July 2010 Archives
Oil is disappearing from the Gulf of Mexico faster than expected.
"That oil is somewhere. It didn't just disappear," said Plaquemines Parish President Billy Nungesser.
Salvador Cepriano is one of the men searching for crude. Cepriano, a shrimper, has been laying out boom with his boat, but he's found that there's no oil to catch. ...
Even the federal government admits that locating the oil has become a problem.
"It is becoming a very elusive bunch of oil for us to find," said National Incident Cmdr. Thad Allen.
The numbers don't lie: two weeks ago, skimmers picked up about 25,000 barrels of oily water. Last Thursday, they gathered just 200 barrels.
Still, it doesn't mean that all the oil that gushed for weeks is gone. Thousands of small oil patches remain below the surface, but experts say an astonishing amount has disappeared, reabsorbed into the environment. ...
The light crude began to deteriorate the moment it escaped at high pressure, and then it was zapped with dispersants to speed the process along. The oil that did make it to the ocean's surface was broken up by 88-degree water, baked by 100-degree sun, eaten by microbes, and whipped apart by wind and waves.
Wait a second... am I supposed to believe that a supposed environmental catastrophe has turned out to not be as bad as everyone predicted? Impossible!
A very cool set of fantasy artwork created using 8-bit color and HTML 5. Makes me nostalgic for the games I played as a kid... and it makes me wish I had any artistic ability whatsoever.
Megan McArdle explains that the academic tenure system damages professors, schools, and students.
The arguments for academic tenure have always struck me as pretty weak, and more to the point, transparently self-serving. The best you can say of the system is that it preserves a sort of continuity in schools that is desireable for the purposes of cultivating alumni donations. But the cost of such a system is simply staggering.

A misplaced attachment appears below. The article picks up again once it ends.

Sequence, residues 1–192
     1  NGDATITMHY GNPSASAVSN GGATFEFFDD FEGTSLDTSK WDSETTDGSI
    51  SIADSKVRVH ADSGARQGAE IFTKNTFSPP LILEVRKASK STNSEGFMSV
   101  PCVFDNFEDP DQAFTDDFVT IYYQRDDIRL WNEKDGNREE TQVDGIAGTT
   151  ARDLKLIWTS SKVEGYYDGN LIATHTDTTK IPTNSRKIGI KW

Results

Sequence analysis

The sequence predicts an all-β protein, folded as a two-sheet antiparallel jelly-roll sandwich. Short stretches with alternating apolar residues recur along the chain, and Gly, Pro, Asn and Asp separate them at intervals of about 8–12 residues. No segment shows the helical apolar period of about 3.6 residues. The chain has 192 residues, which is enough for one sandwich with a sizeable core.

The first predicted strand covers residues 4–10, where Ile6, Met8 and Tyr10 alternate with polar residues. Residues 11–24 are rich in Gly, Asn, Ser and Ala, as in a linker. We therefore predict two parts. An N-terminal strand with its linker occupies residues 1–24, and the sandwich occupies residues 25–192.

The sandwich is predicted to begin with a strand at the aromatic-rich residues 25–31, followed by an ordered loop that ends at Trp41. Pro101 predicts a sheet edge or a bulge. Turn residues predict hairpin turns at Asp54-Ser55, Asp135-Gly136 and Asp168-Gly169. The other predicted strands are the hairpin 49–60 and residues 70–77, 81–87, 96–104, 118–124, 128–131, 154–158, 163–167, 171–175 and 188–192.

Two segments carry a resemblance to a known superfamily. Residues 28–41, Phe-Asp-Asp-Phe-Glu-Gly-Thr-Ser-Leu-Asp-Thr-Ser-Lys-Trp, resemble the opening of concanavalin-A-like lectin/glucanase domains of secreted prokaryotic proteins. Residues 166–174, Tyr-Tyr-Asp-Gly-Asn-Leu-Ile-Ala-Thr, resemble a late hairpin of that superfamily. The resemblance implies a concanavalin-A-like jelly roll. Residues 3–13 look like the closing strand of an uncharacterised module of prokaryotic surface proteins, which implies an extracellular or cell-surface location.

Consider what the academic job market now looks like. You have a small elite on top who have lifetime employment regardless of how little work they do. This lifetime employment commences somewhere between 35 and 40. For the ten-to-fifteen years before that, they spend their lives in pursuit of the brass ring. They live in poverty suck up to professors, and publish, for one must publish to be tenured. It's very unfortunate if you don't have anything much worth saying; you need to publish anyway, in order to improve your chances. Fortunately, for the needy tenure seeker, a bevy of journals have sprung up that will print your trivial contributions. If nothing else, they provide a nice simple model which helps introductory economics professors explain Say's Law.
At the end of the process, most of the aspirants do not have tenure; they have dropped out, or been dropped, at some point along the way. Meanwhile, the system has ripped up their lives in other ways. They've invested their whole youth, and are back on the job market near entry level at an age when most of their peers have spent ten years building up marketable skills. Many of them will have seen relationships ripped apart by the difficulties of finding not one, but two tenure-track jobs in the same area. Others will have invested their early thirties in a college town with no other industry, forcing them to move elsewhere to restart both their careers and their social lives. Or perhaps they string along adjuncting at near-poverty wages, unable to quite leave the academy that has abused them for so long.